inkwell.vue.468 : Ethan Zuckerman - Rewire: Rethinking Globalization in an Age of Connection
permalink #26 of 29: Ethan Zuckerman (ethanzrewire) Tue 9 Jul 13 12:45
Jon, Krebs's research is really helpful stuff. There's been lots of
research on left/right polarization around media and US politics - I
review quite a bit of it in the book. It's interesting to think about
the books that he sees appealing to both left and right - some are
simply very compelling and well-written, while one seems to be being
bought by the right to better understand strategy from the left.

I wonder whether there's an experiment to be done asking people who
hold a position - political, religious, or otherwise - to recommend
books or readings that they see as best explaining their beliefs to
outsiders. For instance, if I strongly believe in the need to reform
criminal justice in America, do I choose Michelle Alexander's masterful
"The New Jim Crow", a thoughtful scholarly work that's aimed at arming
people like me who already see racial injustice in the system, or a
personal prison memoir, like Damien Echol's "Life after Death"? I
suspect the second is far more likely to reach an audience that doesn't
already share my concerns and passions...
inkwell.vue.468 : Ethan Zuckerman - Rewire: Rethinking Globalization in an Age of Connection
permalink #27 of 29: Jon Lebkowsky (jonl) Wed 10 Jul 13 13:55
It's an interesting problem, trying to figure out what any one person
would find compelling that's also off-radar for them. It would be
interesting to see services like Netflix create more complex algorithms
for offering suggestions, combining comfortable offerings with those
that are more challenging. One issue I see is that personalization is
constrained by limited profile data. Amazon and Netflix haven't
gathered enough about me to make nuanced recommendations.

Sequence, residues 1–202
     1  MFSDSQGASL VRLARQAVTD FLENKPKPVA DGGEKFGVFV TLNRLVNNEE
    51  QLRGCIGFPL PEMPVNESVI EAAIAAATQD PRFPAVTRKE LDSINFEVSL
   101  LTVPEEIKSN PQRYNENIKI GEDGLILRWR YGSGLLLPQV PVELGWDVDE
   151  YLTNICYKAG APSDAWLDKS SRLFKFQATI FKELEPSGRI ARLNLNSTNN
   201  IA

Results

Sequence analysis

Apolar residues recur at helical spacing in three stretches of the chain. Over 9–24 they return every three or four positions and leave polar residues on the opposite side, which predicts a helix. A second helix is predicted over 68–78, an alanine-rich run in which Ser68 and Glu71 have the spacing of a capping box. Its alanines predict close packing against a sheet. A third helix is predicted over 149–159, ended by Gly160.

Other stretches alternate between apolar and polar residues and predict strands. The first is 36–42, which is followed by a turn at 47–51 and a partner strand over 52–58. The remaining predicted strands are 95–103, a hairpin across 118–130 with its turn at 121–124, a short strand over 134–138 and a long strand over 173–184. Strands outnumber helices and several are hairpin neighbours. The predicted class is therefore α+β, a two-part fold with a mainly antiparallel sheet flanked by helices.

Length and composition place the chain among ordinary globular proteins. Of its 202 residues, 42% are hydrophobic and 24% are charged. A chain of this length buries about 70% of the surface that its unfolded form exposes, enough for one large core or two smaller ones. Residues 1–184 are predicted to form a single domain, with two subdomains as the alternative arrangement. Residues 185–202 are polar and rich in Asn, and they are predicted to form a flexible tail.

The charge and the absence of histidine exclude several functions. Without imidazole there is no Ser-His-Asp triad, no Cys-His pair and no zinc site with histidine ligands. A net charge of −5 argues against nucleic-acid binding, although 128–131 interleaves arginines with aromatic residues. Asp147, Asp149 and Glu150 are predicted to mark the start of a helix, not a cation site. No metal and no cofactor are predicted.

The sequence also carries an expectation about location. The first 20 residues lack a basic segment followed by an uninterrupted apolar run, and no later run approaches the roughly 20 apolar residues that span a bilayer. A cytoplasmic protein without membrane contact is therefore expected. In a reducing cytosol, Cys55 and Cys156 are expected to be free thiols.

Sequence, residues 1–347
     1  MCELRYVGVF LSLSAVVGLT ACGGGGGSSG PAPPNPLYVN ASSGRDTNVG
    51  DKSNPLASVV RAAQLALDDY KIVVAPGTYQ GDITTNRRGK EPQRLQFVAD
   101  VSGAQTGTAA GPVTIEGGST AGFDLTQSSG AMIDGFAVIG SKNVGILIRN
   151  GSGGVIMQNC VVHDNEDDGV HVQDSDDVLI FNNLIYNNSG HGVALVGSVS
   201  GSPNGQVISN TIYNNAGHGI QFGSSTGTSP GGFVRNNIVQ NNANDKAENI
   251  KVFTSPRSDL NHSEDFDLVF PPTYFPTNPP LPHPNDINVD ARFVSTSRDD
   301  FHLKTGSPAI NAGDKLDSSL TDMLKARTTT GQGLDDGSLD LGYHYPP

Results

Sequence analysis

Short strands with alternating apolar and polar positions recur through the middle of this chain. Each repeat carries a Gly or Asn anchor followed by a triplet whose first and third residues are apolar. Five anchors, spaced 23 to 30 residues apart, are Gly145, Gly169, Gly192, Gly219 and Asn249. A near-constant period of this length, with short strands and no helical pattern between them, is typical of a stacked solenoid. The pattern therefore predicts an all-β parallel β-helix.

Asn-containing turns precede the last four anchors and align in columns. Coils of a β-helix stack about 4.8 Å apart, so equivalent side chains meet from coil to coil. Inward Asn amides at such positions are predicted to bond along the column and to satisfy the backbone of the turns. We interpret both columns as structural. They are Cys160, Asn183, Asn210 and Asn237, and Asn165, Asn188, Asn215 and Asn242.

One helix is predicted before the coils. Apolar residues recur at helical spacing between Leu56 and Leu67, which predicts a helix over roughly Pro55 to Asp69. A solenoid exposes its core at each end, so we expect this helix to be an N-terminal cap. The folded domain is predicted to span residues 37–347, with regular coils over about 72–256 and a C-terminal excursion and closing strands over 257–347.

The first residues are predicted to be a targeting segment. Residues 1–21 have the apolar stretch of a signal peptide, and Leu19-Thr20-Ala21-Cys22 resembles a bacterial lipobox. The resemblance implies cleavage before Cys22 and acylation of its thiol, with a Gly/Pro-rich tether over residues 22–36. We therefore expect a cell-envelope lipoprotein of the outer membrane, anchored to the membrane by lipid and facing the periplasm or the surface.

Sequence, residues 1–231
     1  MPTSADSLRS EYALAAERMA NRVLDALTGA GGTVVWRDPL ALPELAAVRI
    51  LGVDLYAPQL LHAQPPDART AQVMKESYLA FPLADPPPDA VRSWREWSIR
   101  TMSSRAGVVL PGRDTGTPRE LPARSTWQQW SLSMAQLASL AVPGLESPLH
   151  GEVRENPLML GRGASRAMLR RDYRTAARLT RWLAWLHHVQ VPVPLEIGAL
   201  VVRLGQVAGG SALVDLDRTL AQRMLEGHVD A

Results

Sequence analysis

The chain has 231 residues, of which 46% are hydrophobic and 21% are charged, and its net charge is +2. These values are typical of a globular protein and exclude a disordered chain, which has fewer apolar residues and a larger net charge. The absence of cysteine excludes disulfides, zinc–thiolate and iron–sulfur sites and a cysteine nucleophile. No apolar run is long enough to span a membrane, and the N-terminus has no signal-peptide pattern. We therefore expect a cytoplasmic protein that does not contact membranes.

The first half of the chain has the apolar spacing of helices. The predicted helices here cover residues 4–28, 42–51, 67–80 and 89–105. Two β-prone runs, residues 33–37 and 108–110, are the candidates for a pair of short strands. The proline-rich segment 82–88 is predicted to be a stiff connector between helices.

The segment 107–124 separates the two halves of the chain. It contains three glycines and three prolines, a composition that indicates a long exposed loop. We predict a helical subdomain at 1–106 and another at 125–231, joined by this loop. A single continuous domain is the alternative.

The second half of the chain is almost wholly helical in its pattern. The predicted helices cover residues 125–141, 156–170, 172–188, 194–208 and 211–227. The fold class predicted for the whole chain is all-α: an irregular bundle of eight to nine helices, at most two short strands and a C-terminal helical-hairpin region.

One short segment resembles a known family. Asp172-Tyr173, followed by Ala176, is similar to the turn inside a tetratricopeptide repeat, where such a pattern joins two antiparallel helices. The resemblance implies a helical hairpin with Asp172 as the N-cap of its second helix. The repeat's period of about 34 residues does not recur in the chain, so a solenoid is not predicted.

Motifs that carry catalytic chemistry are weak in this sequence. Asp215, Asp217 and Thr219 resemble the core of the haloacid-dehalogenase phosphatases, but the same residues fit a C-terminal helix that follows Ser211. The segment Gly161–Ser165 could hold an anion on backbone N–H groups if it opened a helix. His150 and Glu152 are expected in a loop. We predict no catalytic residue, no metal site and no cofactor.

I'd like to see a system that is explicit about the challenge: here is
where you go if you're ready to have your assumptions questioned, even
shaken. There are people who would readily go there, maybe others will

I'm thinking a lot about how we're programmed by our many feeds and
social interactions online. That's been my life for the last few
decades, and I evolved along with the technology for social
interaction, what we've variously referred to with phrases like
"virtual community," "social software," and "social media." A week or
so ago I realized that I had no idea what my life is outside that
context, so I decided to put social media aside for a month and get
some perspective. I wonder if that wouldn't be a useful step for many
of us? Disconnect for a while, sort out our thinking, then reconnect in
a more productive and disciplined way? Climb out of the torrent, walk
downstream to calmer waters.
inkwell.vue.468 : Ethan Zuckerman - Rewire: Rethinking Globalization in an Age of Connection
permalink #28 of 29: Ethan Zuckerman (ethanzrewire) Thu 11 Jul 13 20:23
Jon, I think there's great benefit to stepping back from social media
and interacting with the real world. On questions of diversity -
cognitive and otherwise - I think there are lots of ways we can think
about increasing diversity in the physical world as well. One of the
analogies I make in the book is about wandering, looking at the paths
we take through physical space and choosing to stray off them
occasionally. This might mean spending time in different parts of a
city or choosing to interact with a different set of people.

I'm interested in the same analogies online. You note that it's hard
for Netflix or Amazon to personalize without enough data. That's true -
to be able to help you wander, a predictive system needs to know what
ruts you're in. My guess is that we need systems that help us discover
new things that we're in control of, not just systems run by people
trying to market to us. I'd be far more willing to share personal data
if I were discovering new ideas, new things to read and new places to
wander than if I was helping an algorithm tailor purchasing

I want to thank you, and everyone who's participated, for a really
enjoyable conversation. I appreciate the chance to discuss the book and
the ideas in it at length - thanks for the space and the opportunity.
inkwell.vue.468 : Ethan Zuckerman - Rewire: Rethinking Globalization in an Age of Connection
permalink #29 of 29: Jon Lebkowsky (jonl) Fri 12 Jul 13 08:41
That last exchange points to interesting questions about
personalization, privacy, data ownership, and the future of the
Internet. Unfortunately we're out of time. Thanks, Ethan, for your
compelling book and this great conversation!

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